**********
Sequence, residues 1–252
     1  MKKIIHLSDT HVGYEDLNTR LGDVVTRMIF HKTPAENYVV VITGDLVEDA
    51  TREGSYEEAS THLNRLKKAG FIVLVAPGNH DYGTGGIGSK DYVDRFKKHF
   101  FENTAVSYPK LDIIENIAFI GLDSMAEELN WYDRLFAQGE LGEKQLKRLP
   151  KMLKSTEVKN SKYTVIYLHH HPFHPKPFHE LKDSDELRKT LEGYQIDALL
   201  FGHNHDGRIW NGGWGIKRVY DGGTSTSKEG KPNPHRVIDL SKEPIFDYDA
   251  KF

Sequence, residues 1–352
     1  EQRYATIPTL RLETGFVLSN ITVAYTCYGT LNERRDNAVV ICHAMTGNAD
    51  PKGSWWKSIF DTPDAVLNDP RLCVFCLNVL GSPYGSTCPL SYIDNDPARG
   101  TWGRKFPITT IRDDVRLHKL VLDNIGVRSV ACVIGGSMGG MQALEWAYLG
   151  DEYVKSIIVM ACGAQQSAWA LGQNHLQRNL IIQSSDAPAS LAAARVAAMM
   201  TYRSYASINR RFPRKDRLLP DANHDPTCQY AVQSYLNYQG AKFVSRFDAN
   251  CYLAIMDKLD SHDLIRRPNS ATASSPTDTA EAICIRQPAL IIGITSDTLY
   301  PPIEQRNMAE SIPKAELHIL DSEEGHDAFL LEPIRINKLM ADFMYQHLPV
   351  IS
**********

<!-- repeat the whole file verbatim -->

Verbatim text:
Sequence, residues 1–252
     1  MKKIIHLSDT HVGYEDLNTR LGDVVTRMIF HKTPAENYVV VITGDLVEDA
    51  TREGSYEEAS THLNRLKKAG FIVLVAPGNH DYGTGGIGSK DYVDRFKKHF
   101  FENTAVSYPK LDIIENIAFI GLDSMAEELN WYDRLFAQGE LGEKQLKRLP
   151  KMLKSTEVKN SKYTVIYLHH HPFHPKPFHE LKDSDELRKT LEGYQIDALL
   201  FGHNHDGRIW NGGWGIKRVY DGGTSTSKEG KPNPHRVIDL SKEPIFDYDA
   251  KF

Sequence, residues 1–352
     1  EQRYATIPTL RLETGFVLSN ITVAYTCYGT LNERRDNAVV ICHAMTGNAD
    51  PKGSWWKSIF DTPDAVLNDP RLCVFCLNVL GSPYGSTCPL SYIDNDPARG
   101  TWGRKFPITT IRDDVRLHKL VLDNIGVRSV ACVIGGSMGG MQALEWAYLG
   151  DEYVKSIIVM ACGAQQSAWA LGQNHLQRNL IIQSSDAPAS LAAARVAAMM
   201  TYRSYASINR RFPRKDRLLP DANHDPTCQY AVQSYLNYQG AKFVSRFDAN
   251  CYLAIMDKLD SHDLIRRPNS ATASSPTDTA EAICIRQPAL IIGITSDTLY
   301  PPIEQRNMAE SIPKAELHIL DSEEGHDAFL LEPIRINKLM ADFMYQHLPV
   351  IS